The mystery of the fish that change their sex

Under certain circumstances, the bluestreak cleaner wrasse is able to change sex, usually from female to male.
When certain conditions arise, the bluestreak cleaner wrasse is able to change sex, usually from female to male.

This post was chosen as an Editor's Selection for Scientists puzzle over the possible circumstances that might lead a male fish to shift sex and become female. 


The ability to change sex from male to female or vice versa (what is known as sequential hermaphroditism) is surprisingly common in the animal kingdom, especially amongst certain species of fish, jellyfish, and gastropods. Many reef fish such as wrasses, for instance, that are born female are able change sex to male (protogyny) during their lifetime. This is usually driven by the loss of the dominant male, allowing the largest (formerly) female to then take control of the harem.

The reverse, when a male becomes female, rarely occurs amongst these fish species, and the infrequency of these events makes it difficult for scientists to understand why this might ever happen. So in order to get to the bottom of this, a group of researchers from Japan set up a field experiment with the bluestreak cleaner wrasse (Labroides dimidiatus).

The largest males of this coral reef species normally have complete control over mating rights with a group of females (polygyny). As a result, males are seldom left without a mate. But the researchers wanted to see what would happen if these males did become widowed. So they removed most of the females from the study site and carefully observed the behaviour of the remaining males.

If foreign individuals were allowed to move into the study site, then the widowed males would always pair with the new arrivals. They did this regardless of whether the new individual was female, juvenile, or even another widowed male. So long as this type of immigration continued to occur, then the widowed males never attempted to move out of their territory.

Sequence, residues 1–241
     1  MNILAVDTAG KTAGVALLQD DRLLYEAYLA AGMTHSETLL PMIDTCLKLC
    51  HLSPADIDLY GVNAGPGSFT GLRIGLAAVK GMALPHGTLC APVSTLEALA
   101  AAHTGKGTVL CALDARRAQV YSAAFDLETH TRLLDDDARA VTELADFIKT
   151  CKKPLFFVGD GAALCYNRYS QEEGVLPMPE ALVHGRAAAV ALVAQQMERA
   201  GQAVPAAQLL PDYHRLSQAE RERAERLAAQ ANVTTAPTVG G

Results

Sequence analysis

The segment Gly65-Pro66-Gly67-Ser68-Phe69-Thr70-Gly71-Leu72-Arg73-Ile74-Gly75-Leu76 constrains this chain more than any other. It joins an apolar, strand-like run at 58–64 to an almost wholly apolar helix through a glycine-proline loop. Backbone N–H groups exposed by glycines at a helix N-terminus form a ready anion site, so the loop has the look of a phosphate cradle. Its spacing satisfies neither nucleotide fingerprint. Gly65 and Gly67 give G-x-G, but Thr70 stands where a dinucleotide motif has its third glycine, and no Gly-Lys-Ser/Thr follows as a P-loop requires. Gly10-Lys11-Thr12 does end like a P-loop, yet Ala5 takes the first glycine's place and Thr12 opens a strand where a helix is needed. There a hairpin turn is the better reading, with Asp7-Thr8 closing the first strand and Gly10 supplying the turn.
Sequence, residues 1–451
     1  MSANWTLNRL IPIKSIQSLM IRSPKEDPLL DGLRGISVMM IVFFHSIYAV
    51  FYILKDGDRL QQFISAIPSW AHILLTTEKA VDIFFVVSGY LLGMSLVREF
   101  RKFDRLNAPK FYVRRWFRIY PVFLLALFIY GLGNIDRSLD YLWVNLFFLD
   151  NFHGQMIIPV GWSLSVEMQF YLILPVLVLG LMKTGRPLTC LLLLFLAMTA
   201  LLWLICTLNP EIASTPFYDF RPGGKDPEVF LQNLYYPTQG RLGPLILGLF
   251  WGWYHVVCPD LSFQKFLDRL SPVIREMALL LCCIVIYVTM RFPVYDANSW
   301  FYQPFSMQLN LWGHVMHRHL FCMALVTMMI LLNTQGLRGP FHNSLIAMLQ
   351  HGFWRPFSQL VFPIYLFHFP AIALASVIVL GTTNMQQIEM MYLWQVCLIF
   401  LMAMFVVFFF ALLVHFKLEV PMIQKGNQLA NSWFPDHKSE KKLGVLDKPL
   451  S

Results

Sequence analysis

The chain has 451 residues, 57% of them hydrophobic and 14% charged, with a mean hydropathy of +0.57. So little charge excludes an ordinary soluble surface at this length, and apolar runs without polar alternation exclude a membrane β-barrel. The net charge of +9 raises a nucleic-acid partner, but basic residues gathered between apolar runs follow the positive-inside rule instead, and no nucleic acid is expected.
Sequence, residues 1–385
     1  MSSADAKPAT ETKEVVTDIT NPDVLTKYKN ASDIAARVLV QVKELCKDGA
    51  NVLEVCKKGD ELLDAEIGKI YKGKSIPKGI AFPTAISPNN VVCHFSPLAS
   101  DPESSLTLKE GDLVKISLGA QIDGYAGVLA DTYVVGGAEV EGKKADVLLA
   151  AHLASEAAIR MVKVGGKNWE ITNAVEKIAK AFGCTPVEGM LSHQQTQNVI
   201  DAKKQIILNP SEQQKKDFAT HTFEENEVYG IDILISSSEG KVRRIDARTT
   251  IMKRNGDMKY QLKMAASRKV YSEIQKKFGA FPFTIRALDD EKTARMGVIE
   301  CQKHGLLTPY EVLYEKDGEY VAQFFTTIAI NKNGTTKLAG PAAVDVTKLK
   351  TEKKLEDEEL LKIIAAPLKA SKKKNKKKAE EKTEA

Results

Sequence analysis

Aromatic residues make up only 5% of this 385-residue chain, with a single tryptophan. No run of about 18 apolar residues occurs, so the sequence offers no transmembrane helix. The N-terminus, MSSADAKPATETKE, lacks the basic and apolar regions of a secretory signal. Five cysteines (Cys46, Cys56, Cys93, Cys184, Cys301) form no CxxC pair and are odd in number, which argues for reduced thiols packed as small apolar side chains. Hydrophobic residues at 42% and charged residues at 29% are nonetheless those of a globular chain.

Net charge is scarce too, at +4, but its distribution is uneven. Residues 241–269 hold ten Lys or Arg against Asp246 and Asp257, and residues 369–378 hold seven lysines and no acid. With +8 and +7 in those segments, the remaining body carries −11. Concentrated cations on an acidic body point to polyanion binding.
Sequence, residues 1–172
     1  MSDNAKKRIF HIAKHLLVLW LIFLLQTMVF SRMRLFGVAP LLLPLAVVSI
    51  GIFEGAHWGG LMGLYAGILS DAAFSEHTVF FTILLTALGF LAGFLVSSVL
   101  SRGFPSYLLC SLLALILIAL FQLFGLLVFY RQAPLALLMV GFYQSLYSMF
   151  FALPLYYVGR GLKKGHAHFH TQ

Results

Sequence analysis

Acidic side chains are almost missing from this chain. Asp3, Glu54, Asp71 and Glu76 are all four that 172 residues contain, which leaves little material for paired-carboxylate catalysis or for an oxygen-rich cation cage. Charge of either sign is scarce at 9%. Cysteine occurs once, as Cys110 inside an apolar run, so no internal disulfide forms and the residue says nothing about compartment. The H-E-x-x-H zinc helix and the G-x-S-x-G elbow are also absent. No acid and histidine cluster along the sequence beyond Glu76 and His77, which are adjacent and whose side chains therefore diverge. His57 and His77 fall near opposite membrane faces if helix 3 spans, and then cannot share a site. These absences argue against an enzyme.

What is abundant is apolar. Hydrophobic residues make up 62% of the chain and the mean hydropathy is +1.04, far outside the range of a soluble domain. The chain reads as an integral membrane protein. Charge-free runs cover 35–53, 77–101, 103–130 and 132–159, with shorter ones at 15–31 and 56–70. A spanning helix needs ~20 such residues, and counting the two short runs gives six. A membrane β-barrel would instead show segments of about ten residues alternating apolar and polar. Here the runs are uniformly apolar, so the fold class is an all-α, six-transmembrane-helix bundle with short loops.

It was only when this immigration ceased that the surviving males actually moved out to search for a new mate. They paired with the nearest single individual that they could find, again, whether they be male or female. And it was in this type of situation, when two males formed a pair, that the smaller fish then changed sex to become female. The pair would begin a courtship ritual, finalising in an upward swimming spawning behaviour with the smaller taking the female position.

So it seems that these unusual reverse male-to-female sex changes evolved out of a need to find new mates in catastrophic situations where the local population is massively reduced. Even in such dire circumstances, it is imperative for the surviving fish to avoid any extra movement that might expose them to more predators. As a result, they simply pair with the nearest individual possible, and even change sex if necessary.

Reference: Kuwamura T, Kadota T, & Suzuki S (2014). Testing the low-density hypothesis for reversed sex change in polygynous fish: experiments in Labroides dimidiatus. Scientific Reports, 4 PMID: 24621782

Image: Nautilus Scuba


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